If you want to try out the third party C++ library, then use Magick++ which provides C++ API around ImageMagick core. Then you can follow this simple example of cropping an image to get started.

ImageMagick Native Module already exists. You can follow this source code.

#nodejs #javascript #node-js

What is GEEK

Buddha Community

Load the C/C++ code in JavaScript programs using Node’s N-API
Sival Alethea

Sival Alethea

1624302000

APIs for Beginners - How to use an API (Full Course / Tutorial)

What is an API? Learn all about APIs (Application Programming Interfaces) in this full tutorial for beginners. You will learn what APIs do, why APIs exist, and the many benefits of APIs. APIs are used all the time in programming and web development so it is important to understand how to use them.

You will also get hands-on experience with a few popular web APIs. As long as you know the absolute basics of coding and the web, you’ll have no problem following along.
⭐️ Unit 1 - What is an API
⌨️ Video 1 - Welcome (0:00:00)
⌨️ Video 2 - Defining Interface (0:03:57)
⌨️ Video 3 - Defining API (0:07:51)
⌨️ Video 4 - Remote APIs (0:12:55)
⌨️ Video 5 - How the web works (0:17:04)
⌨️ Video 6 - RESTful API Constraint Scavenger Hunt (0:22:00)

⭐️ Unit 2 - Exploring APIs
⌨️ Video 1 - Exploring an API online (0:27:36)
⌨️ Video 2 - Using an API from the command line (0:44:30)
⌨️ Video 3 - Using Postman to explore APIs (0:53:56)
⌨️ Video 4 - Please please Mr. Postman (1:03:33)
⌨️ Video 5 - Using Helper Libraries (JavaScript) (1:14:41)
⌨️ Video 6 - Using Helper Libraries (Python) (1:24:40)

⭐️ Unit 3 - Using APIs
⌨️ Video 1 - Introducing the project (1:34:18)
⌨️ Video 2 - Flask app (1:36:07)
⌨️ Video 3 - Dealing with API Limits (1:50:00)
⌨️ Video 4 - JavaScript Single Page Application (1:54:27)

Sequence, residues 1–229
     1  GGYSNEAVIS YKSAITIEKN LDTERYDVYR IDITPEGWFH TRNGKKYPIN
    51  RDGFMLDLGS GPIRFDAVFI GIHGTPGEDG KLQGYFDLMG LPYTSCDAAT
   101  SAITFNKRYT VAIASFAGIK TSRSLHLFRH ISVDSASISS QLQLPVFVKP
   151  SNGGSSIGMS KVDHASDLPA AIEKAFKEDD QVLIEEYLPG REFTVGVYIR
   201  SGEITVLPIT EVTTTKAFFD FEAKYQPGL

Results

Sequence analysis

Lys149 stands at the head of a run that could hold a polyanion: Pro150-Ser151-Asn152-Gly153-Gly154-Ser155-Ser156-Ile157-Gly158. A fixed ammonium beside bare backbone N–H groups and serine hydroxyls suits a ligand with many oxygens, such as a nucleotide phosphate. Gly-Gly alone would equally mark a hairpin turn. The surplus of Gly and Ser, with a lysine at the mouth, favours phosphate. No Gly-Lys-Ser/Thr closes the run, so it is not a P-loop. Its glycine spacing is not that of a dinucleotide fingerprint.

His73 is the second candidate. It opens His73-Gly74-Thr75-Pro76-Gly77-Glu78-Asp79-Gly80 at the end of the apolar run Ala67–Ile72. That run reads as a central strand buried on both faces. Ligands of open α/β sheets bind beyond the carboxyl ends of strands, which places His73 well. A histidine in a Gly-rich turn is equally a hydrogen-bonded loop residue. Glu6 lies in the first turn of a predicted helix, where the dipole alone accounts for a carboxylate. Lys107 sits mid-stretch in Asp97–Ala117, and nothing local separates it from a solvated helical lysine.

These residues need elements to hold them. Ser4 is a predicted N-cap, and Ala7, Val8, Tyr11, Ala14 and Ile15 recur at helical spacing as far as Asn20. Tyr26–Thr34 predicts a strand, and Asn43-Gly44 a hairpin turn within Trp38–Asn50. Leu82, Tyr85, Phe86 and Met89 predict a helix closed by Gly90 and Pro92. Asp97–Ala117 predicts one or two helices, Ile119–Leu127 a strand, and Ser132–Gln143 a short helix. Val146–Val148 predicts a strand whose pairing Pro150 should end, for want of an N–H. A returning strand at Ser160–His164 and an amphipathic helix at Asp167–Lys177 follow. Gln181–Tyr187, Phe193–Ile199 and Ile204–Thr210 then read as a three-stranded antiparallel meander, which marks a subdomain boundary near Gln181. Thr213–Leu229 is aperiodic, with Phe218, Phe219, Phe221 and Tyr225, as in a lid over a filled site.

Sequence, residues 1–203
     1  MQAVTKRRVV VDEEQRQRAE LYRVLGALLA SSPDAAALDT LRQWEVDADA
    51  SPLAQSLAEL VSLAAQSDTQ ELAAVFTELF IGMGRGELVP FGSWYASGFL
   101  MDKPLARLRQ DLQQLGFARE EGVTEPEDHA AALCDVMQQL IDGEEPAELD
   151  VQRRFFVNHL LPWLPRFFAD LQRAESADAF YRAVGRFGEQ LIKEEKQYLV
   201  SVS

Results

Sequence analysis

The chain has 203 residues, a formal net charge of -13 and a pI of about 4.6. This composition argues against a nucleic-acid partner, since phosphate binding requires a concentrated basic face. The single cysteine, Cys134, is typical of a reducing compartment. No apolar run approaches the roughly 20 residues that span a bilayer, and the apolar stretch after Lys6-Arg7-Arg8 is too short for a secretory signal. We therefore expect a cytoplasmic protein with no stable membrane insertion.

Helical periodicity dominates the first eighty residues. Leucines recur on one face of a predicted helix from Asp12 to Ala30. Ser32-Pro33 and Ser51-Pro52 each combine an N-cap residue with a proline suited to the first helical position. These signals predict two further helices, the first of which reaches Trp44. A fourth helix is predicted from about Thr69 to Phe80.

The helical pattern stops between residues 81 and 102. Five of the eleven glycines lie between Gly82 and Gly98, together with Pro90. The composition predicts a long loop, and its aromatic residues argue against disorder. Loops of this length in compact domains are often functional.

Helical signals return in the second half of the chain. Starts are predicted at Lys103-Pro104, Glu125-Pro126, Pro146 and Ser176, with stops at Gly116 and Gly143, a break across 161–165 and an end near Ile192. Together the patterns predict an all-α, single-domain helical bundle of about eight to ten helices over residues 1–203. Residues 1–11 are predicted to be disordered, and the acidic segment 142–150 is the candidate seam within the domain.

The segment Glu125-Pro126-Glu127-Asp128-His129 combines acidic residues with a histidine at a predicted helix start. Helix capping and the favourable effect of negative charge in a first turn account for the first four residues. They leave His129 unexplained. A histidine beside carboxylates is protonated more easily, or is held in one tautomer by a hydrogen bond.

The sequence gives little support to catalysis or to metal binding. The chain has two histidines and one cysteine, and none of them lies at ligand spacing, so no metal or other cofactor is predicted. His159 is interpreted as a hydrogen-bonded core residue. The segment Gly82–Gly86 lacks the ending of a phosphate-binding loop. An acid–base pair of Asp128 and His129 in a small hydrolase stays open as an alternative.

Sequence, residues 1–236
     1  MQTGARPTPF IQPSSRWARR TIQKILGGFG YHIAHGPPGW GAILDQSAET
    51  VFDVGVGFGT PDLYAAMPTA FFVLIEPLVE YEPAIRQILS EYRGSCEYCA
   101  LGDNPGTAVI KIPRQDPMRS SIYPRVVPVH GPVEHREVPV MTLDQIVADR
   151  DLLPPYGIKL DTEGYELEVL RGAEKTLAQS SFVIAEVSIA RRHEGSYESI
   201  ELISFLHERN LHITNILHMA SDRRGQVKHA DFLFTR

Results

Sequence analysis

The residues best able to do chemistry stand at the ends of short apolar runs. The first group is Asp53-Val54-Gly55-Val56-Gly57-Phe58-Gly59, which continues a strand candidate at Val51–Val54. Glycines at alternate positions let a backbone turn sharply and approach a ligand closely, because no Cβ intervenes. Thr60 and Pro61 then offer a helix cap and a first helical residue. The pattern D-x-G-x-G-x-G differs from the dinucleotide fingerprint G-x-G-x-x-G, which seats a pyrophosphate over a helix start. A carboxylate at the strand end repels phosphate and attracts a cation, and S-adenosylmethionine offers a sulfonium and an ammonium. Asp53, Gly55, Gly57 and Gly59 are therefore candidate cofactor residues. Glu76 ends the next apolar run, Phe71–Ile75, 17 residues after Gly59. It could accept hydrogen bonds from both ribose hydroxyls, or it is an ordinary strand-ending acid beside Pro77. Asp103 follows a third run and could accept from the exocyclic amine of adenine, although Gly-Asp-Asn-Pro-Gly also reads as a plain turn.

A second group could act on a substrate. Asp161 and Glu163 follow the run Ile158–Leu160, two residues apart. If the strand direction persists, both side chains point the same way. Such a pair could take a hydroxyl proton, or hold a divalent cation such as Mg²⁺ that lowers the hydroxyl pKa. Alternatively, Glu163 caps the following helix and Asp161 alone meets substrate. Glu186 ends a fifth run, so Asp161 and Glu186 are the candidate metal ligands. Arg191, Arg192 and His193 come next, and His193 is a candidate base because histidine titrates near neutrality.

⌨️ Video 5 - Moar JavaScript and Recap (2:07:53)
⌨️ Video 6 - Review (2:18:03)
📺 The video in this post was made by freeCodeCamp.org
The origin of the article: https://www.youtube.com/watch?v=GZvSYJDk-us&list=PLWKjhJtqVAblfum5WiQblKPwIbqYXkDoC&index=5
🔥 If you’re a beginner. I believe the article below will be useful to you ☞ What You Should Know Before Investing in Cryptocurrency - For Beginner
⭐ ⭐ ⭐The project is of interest to the community. Join to Get free ‘GEEK coin’ (GEEKCASH coin)!
☞ **-----CLICK HERE-----**⭐ ⭐ ⭐
Thanks for visiting and watching! Please don’t forget to leave a like, comment and share!

#apis #apis for beginners #how to use an api #apis for beginners - how to use an api #application programming interfaces #learn all about apis

James Ellis

James Ellis

1576064231

Load the C/C++ code in JavaScript programs using Node’s N-API

Before we begin with this tutorial, let me start with a little disclaimer. I am not a professional C and C++ programmer. But I always wanted to use some of the public C++ libraries inside JavaScript code for performance reasons. Then I stumbled upon Native Addon feature of Node.js.

In this article, I will walk you through step by step process of creating node modules written in C++ language. If you spot any errors in the definition or explanation of some native concepts, inform me through private notes so that I can fix the as earliest.